Yes, use a switching regulator. They are not all the same, but most are relatively similar. The data sheets can be helpful in discovering the differences. You seem to be concerned about size, efficiency, price (I would guess) after the basics like input and output voltage and package are satisfied. The other thing is how many external components they require.
The efficiency at the input voltage and output voltage/current you need will determine how much energy will be turned into heat by the regulator. With a switching regulator this will likely be 5% to 20% of the output wattage (a linear one could be 250% or more). With a high efficiency regulator you will be able to minimize the temperature rise due to the regulator. However, if you really need 400-500ma at 3v3, that is almost 1.5W that will be dissipated and need to be removed from the enclosure. I have noticed that while the N18 display doesn’t get “hot”, it is several degrees above ambient.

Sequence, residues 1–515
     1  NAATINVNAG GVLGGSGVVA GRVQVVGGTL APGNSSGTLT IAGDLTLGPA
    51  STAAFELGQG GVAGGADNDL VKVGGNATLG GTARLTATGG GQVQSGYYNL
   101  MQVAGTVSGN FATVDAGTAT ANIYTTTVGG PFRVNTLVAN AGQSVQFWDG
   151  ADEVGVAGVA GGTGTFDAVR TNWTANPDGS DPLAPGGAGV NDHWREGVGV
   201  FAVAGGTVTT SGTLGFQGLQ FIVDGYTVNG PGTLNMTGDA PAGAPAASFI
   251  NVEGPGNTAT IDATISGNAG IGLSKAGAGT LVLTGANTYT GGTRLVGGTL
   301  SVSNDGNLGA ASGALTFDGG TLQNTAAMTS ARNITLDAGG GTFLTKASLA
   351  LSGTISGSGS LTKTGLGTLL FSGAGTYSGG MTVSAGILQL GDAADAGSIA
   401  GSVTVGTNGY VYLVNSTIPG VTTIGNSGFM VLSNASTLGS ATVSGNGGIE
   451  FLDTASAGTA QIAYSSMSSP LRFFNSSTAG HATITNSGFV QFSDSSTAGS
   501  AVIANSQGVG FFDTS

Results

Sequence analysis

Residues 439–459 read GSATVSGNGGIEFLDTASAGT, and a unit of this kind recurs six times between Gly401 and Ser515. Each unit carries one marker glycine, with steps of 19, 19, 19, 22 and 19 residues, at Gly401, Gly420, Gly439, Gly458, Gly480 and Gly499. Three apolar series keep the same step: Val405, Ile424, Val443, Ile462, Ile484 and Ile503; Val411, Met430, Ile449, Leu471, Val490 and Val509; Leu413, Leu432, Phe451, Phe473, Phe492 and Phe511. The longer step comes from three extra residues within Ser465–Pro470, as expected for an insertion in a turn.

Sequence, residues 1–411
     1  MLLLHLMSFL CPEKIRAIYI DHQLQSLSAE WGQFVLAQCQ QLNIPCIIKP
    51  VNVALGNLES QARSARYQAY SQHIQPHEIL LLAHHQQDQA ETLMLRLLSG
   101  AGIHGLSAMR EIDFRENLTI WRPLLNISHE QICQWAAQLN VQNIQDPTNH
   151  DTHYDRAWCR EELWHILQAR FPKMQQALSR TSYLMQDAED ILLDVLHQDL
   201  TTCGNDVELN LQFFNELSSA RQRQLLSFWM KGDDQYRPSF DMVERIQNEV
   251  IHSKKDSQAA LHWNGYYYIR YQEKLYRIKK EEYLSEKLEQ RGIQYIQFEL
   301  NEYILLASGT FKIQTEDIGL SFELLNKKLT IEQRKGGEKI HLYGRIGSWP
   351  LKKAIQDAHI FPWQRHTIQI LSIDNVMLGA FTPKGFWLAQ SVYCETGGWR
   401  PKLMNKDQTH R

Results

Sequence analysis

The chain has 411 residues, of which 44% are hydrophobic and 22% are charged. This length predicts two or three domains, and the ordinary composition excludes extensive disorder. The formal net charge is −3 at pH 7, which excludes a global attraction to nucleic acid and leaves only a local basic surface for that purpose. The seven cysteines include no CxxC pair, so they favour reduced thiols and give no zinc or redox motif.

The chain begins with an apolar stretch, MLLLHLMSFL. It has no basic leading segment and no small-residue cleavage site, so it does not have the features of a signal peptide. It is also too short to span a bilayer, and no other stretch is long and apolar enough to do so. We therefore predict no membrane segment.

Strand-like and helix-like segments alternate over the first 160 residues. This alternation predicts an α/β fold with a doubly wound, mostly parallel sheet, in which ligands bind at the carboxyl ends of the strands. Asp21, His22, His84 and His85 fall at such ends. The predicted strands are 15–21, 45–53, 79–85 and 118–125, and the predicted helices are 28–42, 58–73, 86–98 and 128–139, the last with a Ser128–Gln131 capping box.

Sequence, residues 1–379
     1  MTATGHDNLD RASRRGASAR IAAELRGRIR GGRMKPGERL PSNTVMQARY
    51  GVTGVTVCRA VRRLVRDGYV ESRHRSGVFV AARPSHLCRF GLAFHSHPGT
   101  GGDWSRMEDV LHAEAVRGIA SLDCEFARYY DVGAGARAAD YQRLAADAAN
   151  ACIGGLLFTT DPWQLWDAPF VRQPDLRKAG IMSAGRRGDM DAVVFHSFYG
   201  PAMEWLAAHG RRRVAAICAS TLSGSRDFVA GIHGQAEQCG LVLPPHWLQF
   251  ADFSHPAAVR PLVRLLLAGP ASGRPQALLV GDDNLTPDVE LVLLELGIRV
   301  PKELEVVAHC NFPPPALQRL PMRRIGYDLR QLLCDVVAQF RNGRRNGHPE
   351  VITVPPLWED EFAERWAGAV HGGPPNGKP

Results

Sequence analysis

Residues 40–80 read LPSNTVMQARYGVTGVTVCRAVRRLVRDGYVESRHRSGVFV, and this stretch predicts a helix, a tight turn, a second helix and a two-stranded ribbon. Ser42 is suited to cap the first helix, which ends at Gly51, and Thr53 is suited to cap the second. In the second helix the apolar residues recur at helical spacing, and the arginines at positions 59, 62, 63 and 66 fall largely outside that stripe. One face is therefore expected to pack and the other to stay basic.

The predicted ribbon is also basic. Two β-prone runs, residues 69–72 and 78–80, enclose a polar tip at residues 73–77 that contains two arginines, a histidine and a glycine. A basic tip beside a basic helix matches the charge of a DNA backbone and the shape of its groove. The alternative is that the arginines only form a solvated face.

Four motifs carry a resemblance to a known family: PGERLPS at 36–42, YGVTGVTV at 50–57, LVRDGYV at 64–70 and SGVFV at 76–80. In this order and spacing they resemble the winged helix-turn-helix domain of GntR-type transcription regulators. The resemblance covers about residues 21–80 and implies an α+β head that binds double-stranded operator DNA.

I have read reviews of some of the newer smart thermostats that they read high. Many of them employ a simple offset adjustment, which allows the user to calibrate them. Unless you can figure out a way to get all that heat out (perhaps the fan, suggested earlier) or use a remote sensing device, you will need to figure out an acceptable “calibration” method to get the results you want.